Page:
Youngsters didn’t panic - Heyneke
Springboks / 12 Nov '12, 12:29am
Dublin: The satisfaction afterwards was not so much because they’d won the match, but rather because of the way they won here on Saturday.
The fact the Springboks’ 16-12 victory was their fifth in 10 matches this year is significant as it eases the pressure on coach Heyneke Meyer, but giving the Bok boss more joy was the fact his team applied the lessons they learnt earlier in the year ... to not give up and to keep fighting. And, of course, to stick to the plan.
Heyneke Meyer was pleased his team applied the lessons they learnt earlier in the year, not to give up and to keep fighting. Photo by Patrick Bolger/Getty Image. Credit: Gallo Images
Meyer stopped short of calling the win on Saturday the most important of the season, but he knows exactly how crucial it was for the development of his young side and for his own sake.
“I’ve got a lot of confidence in this team and I know where we are going. There’s a great vibe in the side, but I must say I was almost desperate (for the team to do well),” he said afterwards.
“I’ve got a lot of faith in this team and am really happy. It shows again how close the sides are ... the difference between winning and losing is a point here and there and a call here and there ... if we’d lost, we’d have taken three steps back.”
Indeed. This was a most important win as it sets the side up for the rest of this European tour, with a match to come this weekend against Scotland and then against England.
What pleased Meyer most on Saturday was that his side were able to turn around a poor first-half showing, in which they gave away 11 penalties and couldn’t get anything going, with a powerful and error-free second half. Trailing 3-12 at the break to a passionate, and at times impressive Ireland missing several key players, the Boks scored the only try of the game through Ruan Pienaar after the interval and kicked on to win by four points.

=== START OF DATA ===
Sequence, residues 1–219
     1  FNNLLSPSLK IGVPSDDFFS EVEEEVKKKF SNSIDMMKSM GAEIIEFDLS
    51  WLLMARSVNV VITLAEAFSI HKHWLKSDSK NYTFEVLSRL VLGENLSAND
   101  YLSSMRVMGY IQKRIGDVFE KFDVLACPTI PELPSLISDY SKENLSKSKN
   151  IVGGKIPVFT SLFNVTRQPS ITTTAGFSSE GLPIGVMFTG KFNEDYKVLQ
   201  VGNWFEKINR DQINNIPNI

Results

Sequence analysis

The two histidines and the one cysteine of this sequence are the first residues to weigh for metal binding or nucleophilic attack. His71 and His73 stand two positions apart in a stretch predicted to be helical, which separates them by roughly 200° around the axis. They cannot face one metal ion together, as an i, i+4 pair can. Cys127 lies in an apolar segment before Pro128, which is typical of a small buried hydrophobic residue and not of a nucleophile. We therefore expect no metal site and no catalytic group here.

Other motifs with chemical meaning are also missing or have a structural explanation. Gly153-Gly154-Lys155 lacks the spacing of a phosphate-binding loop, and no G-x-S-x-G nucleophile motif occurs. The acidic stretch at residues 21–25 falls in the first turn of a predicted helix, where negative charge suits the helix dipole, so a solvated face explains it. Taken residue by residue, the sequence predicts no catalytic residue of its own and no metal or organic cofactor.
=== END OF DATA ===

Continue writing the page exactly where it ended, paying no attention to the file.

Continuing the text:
“The first half was unacceptable ... nothing worked for us, we gave away too many penalties, but to come back and win it in the way we did shows the character of this side,” said Meyer. “Earlier in the season, we would have lost this game. The youngsters listened to the instructions, though, they didn’t panic, and us not conceding a point in the second half was special.”
Meyer said his talk with the players at the halftime break was not suitable for all ears ... as he reflected on missed opportunities this season. “We’ve been ahead against everyone this season, including against New Zealand and Australia away from home, and we lost those second halves.
“Our performance here in the first half was our worst 40 all season, and I told the guys they must show South Africa their best, to do what they can to the best of their ability ... and they responded. We’ll take a lot from this.”
Captain Jean de Villiers, who enjoyed a great Test having spent the last four weeks on the sidelines with a hamstring injury, added: “It wasn’t so much the score (at halftime) that was unacceptable, but what we were doing out there was not what we wanted to do. Sometimes we must be hard on each other to get the best out of each other ... to be able to deliver a performance worthy of the Bok jersey.
“We weren’t able to pull it through in Mendoza against Argentina earlier in the year, but we did it here and I think we took our game to the next level in that second spell.”